An integrated experimental and computational study is timely proposed to acquire the fundamental knowledge on the impact of crude oil on marsh erosion in southern Louisiana, home to America's largest wetlands, in wake of the recent BP Deepwater Horizon oil spill that transforms some wetlands into a rare, valuable, large-scale, oil-contaminated experimental site. A stable and healthy marsh provides the basic physical structure and foundation for the sustainability of coastal wetlands, the most productive ecosystem on Earth, which are also a protective buffer zone for hurricanes and storms.
The BP oil spill is an economic and environmental disaster. Now that it has happened, advantages should be taken of this accident (a rare and valuable opportunity) to study and assess every aspect of its possible influences and environmental damages. The majority of currently funded studies focus on its biological, chemical, or environmental impact, but not on the physical stability or erosion of coastal wetlands. This project is the first of its kind to study oil-contaminated marsh erosion and to further develop a predictive capability to assess the resiliency of the contaminated marshes under storm and hurricane conditions. The overall goal of this project is to study and understand the fundamental science of oil-contaminated coastal marsh erosion.
This goal will be achieved by three structured, mutually complementary objectives:
1. To acquire the first datasets on the erosion of coastal marshes with different degrees of oil contamination
2. To understand the physical and biogeochemical mechanisms controlling oil-contaminated marsh erosion via laboratory testing and computational modeling
3. To predict the resilience of the oil-contaminated marsh under storm and hurricane conditions
Collaborative research between a hurricane/wave modeling expert and a geotechnical experimentalist is proposed in three major areas:
A. Field measurements to acquire for the first time the erosion resistance and erosion rate of oil-contaminated coastal marsh, as well as wave measurement for subsequent modeling of erosion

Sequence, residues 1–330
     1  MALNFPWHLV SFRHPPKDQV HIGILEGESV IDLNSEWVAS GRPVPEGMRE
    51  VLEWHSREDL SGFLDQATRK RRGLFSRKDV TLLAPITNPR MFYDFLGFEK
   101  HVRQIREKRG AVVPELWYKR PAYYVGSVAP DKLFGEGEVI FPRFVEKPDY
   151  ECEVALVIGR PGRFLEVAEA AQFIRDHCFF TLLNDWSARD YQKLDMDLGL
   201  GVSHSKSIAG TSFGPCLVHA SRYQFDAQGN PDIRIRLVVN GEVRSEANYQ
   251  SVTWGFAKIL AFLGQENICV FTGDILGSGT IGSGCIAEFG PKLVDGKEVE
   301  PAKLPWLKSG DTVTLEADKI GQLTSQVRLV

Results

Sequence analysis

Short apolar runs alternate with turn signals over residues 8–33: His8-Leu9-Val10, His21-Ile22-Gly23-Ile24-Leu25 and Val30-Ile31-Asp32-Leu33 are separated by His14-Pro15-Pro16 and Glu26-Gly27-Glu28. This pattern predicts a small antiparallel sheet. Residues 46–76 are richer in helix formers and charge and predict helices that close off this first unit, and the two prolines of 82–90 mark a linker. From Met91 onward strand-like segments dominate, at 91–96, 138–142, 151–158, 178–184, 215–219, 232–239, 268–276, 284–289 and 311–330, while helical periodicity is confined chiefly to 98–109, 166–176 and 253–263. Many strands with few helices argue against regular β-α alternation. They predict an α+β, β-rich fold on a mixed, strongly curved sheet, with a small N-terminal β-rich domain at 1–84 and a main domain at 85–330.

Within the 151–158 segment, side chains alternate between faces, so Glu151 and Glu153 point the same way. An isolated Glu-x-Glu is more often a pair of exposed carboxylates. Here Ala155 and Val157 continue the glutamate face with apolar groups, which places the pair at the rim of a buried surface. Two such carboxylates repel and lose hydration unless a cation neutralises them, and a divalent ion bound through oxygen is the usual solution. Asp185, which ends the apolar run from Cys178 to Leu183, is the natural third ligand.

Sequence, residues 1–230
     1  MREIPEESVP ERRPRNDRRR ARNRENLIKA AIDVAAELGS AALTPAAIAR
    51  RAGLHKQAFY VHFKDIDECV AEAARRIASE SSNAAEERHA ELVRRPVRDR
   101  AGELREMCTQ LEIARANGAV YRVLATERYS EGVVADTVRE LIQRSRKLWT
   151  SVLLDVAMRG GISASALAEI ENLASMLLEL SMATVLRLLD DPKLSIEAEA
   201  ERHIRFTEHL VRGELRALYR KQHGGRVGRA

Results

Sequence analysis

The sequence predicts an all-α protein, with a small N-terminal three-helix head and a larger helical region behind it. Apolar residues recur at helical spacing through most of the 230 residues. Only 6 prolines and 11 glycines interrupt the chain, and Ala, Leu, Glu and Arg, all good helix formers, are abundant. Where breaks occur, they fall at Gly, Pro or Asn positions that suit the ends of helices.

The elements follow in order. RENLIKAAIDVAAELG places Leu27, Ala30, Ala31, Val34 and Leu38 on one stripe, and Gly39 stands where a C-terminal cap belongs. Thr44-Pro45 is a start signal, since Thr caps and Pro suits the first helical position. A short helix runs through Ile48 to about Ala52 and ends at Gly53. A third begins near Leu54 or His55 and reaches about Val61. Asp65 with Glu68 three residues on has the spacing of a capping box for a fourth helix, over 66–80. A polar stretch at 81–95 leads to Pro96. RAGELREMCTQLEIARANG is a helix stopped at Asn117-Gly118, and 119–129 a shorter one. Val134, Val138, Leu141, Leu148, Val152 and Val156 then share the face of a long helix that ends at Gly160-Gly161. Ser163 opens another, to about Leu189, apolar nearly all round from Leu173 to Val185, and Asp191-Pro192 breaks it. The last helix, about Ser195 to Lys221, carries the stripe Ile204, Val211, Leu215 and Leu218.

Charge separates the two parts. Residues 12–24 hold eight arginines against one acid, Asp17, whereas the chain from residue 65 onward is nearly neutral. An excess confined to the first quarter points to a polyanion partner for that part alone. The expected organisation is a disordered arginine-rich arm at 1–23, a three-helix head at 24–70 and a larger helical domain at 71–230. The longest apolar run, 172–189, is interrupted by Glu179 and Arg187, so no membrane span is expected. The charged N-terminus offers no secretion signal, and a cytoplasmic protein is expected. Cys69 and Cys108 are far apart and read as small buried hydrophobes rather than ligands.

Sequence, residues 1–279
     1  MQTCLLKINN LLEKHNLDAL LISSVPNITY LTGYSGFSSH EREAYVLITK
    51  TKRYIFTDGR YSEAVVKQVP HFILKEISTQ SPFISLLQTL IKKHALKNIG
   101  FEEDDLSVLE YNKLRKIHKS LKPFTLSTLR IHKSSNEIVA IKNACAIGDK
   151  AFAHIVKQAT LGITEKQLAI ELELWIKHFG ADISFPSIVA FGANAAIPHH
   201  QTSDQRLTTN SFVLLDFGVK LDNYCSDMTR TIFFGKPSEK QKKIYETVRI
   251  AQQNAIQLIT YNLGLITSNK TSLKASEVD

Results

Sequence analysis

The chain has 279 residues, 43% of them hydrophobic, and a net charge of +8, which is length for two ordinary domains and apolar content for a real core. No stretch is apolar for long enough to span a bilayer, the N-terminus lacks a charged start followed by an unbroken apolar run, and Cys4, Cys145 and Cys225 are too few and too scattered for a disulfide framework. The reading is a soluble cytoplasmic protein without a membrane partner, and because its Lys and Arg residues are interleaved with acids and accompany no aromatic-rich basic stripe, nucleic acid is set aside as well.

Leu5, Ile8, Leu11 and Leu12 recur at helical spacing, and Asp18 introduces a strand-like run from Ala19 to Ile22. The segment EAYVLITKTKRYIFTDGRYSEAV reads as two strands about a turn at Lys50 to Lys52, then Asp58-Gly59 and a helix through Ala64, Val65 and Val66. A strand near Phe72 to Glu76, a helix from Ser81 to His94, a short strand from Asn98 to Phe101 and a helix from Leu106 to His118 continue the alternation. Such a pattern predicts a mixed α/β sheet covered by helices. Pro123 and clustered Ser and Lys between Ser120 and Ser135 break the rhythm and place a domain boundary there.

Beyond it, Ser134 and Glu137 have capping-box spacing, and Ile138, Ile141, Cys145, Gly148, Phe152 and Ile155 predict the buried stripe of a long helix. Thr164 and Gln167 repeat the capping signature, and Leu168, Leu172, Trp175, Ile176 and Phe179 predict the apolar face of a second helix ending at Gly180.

B. Studying and understanding the science of oil-contaminated marsh erosion via laboratory characterization designed to uncover the underlying physical and biogeochemical mechanisms
C. Modeling marsh erosion using the obtained soil erosion resistance, vegetation data, and wave data, and predicting the resilience of contaminated wetlands under storm and hurricane conditions
The three areas of research are further subdivided into six tasks, consisting of field and laboratory testing, in-situ monitoring, and numerical modeling. Inter-institutional collaborations with the Dauphin Island Sea Lab and Mississippi State University are also proposed by sharing field measurement data, such as wave and marsh erosion data, and modeling expertise.
The project has its unique intellectual merit in the following aspects:
1. Acquiring the first datasets on the oil-contaminated marsh erosions and hence enhancing the knowledge base to be used for coastal protection and restoration
2. Uncovering the mechanisms of how crude oil interferes with the microbial activities (e.g., biofilm or EPS production) and hence natural cohesive soil erosion, which will lead to more studies on the evolved science of sediment-oil-biota interactions
3. Developing a predictive capability for coastal wetland protection and restoration